NASA’s Artemis lunar exploration programme hopes to send the first woman and the next man to the surface of the moon and prepare for human exploration of Mars. While ‘boots on the moon’ are not expected until at least 2024, it is an ambitious programme that aims to open up a new frontier in humankind’s exploration of space, using innovative technologies to explore more of the lunar surface than ever before. This knowledge will be used to establish a sustainable presence on the moon that will eventually enable future missions to the red planet.
Ultimately, the intention is for spacecraft to transport crew to (and from) lunar orbit where they will transfer to the ‘Gateway’, an outpost around the moon to support human and scientific exploration in deep space. Lunar landing systems will take astronauts to the lunar surface. Earlier this month, the European Space Agency signed a contract to provide the Gateway with communications and refuelling.
Throughout the Artemis programme, robots and humans will search for, and potentially extract, resources such as water that can be converted into other usable resources, including oxygen and hydrogen. By fine-tuning precision landing technologies as well as developing new mobility capabilities, astronauts will travel farther distances and explore new regions of the moon.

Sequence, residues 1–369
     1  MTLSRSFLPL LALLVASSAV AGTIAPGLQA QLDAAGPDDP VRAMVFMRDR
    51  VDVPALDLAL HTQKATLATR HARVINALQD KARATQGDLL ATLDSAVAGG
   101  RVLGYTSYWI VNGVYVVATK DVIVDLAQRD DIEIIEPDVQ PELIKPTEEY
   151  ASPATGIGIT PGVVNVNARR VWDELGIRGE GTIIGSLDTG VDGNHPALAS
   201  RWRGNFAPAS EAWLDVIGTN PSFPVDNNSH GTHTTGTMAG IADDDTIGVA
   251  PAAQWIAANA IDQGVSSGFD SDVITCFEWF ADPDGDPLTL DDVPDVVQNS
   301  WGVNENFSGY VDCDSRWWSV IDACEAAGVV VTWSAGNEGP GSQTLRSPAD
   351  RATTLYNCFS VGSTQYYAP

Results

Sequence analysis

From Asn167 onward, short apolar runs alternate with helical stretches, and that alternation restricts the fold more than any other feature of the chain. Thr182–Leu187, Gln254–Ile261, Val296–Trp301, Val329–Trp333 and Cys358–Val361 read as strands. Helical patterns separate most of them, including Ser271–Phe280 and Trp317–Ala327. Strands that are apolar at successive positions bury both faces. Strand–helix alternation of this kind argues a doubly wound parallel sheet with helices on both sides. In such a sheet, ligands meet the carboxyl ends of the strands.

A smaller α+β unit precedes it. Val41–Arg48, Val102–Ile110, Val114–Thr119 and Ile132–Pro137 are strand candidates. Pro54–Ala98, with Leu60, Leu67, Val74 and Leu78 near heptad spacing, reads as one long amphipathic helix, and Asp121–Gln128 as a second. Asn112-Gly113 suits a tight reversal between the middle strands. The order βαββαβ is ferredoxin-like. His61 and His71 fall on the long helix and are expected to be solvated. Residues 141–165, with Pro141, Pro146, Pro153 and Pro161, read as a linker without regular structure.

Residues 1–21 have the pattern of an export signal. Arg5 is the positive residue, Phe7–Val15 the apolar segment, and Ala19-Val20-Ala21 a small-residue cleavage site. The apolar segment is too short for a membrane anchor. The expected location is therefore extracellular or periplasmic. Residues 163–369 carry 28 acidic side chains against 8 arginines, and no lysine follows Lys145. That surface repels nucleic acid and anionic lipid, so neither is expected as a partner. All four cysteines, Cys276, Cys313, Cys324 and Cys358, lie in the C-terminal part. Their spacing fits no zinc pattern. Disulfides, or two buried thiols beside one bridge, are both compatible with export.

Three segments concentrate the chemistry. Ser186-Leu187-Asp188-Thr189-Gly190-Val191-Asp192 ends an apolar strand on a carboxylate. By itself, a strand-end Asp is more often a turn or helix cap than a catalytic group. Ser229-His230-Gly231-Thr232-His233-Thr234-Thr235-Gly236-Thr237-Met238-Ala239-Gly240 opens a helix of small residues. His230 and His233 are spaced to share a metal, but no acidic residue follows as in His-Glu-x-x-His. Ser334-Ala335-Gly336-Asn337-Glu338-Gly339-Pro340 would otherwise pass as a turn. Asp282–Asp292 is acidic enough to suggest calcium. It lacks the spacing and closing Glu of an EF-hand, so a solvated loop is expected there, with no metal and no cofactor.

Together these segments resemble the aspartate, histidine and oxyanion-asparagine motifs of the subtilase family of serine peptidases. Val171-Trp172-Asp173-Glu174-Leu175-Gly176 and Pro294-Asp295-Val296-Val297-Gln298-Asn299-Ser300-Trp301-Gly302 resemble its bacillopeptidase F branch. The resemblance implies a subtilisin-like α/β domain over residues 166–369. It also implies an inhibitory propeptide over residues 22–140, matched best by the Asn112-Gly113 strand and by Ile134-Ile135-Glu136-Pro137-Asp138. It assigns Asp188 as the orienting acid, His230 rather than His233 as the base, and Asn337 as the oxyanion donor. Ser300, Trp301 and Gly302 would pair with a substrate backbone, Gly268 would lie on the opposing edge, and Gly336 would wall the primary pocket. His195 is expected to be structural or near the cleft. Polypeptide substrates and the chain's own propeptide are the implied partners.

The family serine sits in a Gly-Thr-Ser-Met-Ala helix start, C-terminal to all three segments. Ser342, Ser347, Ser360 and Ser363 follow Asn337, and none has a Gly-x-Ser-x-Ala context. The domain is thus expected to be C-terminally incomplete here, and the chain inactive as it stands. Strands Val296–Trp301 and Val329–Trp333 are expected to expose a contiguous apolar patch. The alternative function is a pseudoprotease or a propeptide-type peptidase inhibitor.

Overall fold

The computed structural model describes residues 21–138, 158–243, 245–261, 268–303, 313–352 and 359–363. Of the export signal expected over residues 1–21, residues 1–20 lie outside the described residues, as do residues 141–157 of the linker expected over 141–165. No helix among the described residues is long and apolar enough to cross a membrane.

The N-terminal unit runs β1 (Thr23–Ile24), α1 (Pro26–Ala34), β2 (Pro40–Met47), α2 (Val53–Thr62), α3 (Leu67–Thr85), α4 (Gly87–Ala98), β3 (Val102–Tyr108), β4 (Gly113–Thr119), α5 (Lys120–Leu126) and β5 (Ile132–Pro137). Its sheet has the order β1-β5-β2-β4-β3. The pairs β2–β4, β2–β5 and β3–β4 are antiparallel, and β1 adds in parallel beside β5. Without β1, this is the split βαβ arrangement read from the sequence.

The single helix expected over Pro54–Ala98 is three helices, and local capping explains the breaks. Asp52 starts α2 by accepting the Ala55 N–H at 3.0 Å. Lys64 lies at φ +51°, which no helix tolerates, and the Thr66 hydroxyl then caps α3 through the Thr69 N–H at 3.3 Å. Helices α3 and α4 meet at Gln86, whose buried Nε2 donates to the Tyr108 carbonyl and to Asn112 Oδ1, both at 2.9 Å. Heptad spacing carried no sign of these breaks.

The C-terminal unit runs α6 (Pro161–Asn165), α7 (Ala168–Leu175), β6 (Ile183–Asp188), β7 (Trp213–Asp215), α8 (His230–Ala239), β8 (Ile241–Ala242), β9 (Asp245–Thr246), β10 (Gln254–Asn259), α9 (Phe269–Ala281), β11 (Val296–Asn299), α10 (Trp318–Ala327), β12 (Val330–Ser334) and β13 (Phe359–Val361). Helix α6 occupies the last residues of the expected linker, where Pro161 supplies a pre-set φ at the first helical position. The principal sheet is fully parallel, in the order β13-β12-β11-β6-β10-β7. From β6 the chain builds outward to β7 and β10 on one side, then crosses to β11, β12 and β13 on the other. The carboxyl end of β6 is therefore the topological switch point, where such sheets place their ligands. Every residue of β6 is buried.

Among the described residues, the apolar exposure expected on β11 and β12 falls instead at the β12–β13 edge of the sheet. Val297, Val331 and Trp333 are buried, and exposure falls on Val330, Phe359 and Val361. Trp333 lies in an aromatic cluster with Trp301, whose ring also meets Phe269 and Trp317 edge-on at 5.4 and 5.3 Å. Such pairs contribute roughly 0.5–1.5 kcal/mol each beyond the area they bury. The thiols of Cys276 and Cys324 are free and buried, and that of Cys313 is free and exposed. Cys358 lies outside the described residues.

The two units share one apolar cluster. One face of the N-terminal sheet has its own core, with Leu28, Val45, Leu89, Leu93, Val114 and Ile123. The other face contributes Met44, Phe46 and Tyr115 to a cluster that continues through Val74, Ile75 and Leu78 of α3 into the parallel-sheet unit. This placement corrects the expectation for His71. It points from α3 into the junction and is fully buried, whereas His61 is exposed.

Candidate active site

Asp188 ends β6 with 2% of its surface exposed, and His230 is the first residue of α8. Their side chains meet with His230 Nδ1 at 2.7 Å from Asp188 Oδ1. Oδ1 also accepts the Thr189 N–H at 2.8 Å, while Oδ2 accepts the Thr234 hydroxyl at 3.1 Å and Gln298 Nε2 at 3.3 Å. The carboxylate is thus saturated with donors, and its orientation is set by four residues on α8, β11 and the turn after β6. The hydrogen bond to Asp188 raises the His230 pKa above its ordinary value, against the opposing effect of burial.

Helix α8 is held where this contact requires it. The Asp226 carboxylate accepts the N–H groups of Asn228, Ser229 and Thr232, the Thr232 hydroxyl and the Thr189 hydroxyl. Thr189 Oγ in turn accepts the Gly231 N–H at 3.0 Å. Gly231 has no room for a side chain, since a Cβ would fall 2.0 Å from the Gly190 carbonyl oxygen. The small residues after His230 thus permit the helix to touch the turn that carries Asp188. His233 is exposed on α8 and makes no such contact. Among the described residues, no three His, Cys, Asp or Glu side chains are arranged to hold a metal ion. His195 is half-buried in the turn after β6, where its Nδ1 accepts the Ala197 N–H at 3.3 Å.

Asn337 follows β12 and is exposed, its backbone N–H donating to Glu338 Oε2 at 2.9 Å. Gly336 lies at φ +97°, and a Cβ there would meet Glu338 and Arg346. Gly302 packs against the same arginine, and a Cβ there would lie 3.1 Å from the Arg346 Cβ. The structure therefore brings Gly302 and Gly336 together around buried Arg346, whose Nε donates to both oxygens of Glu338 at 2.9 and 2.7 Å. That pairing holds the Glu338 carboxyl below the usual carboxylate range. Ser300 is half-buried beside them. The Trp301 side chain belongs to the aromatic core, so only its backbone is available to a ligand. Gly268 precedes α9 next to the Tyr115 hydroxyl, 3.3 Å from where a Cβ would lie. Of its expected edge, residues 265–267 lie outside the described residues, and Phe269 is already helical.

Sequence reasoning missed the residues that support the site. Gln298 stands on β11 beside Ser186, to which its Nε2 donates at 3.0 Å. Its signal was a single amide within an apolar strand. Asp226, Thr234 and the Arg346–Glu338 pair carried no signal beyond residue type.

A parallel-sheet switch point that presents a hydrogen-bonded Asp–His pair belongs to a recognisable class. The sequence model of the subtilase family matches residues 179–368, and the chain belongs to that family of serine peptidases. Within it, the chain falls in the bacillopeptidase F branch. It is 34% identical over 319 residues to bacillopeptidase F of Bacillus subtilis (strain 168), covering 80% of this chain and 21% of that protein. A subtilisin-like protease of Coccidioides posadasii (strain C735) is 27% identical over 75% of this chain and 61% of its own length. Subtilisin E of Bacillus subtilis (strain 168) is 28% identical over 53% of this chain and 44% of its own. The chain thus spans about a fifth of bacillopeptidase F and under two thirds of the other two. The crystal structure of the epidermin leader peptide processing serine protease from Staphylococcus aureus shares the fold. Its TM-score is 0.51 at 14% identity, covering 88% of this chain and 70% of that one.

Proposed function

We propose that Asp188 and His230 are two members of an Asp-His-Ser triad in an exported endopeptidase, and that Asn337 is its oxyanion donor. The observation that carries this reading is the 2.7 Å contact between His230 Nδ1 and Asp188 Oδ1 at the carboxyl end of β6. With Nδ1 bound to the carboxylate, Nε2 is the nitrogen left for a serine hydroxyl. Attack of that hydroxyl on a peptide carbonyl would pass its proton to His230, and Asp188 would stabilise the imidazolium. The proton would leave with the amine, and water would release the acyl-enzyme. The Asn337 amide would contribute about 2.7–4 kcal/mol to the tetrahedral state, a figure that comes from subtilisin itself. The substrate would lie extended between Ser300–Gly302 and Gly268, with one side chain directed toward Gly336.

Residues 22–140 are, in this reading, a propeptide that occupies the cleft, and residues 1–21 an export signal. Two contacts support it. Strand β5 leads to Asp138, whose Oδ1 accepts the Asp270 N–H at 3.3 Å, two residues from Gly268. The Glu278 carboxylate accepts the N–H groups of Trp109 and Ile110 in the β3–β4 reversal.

Platinum and space travel
Platinum has long-term associations with space exploration; platinum catalysts in hydrogen fuel cells were part of the pioneering technology that paved the way for the first moon landing in 1969, as well as being used on the Space Shuttle missions.
Today, a lunar rover that uses platinum-based fuel cell electric vehicle technologies is being developed in a collaboration between the Japanese Aerospace Exploration Agency and Toyota Motor Corporation.
Platinum catalysts have further hydrogen-related applications which could benefit the Artemis programme, especially given the recent focus on the sustainability of human missions to the moon and, in due course, Mars. If ways of using resources that already exist on the moon can be found, this will decrease the cost and complexity of remote missions by reducing the need for supplies delivered from Earth.
For example, it is hoped that hydrogen – a vital fuel source for the space programme – can be derived from lunar water sources, through electrolysis. Platinum is used as a catalyst in Proton Exchange Membrane (PEM) electrolysers that use polymer electrolyte, one of the two leading electrolysis technologies currently available.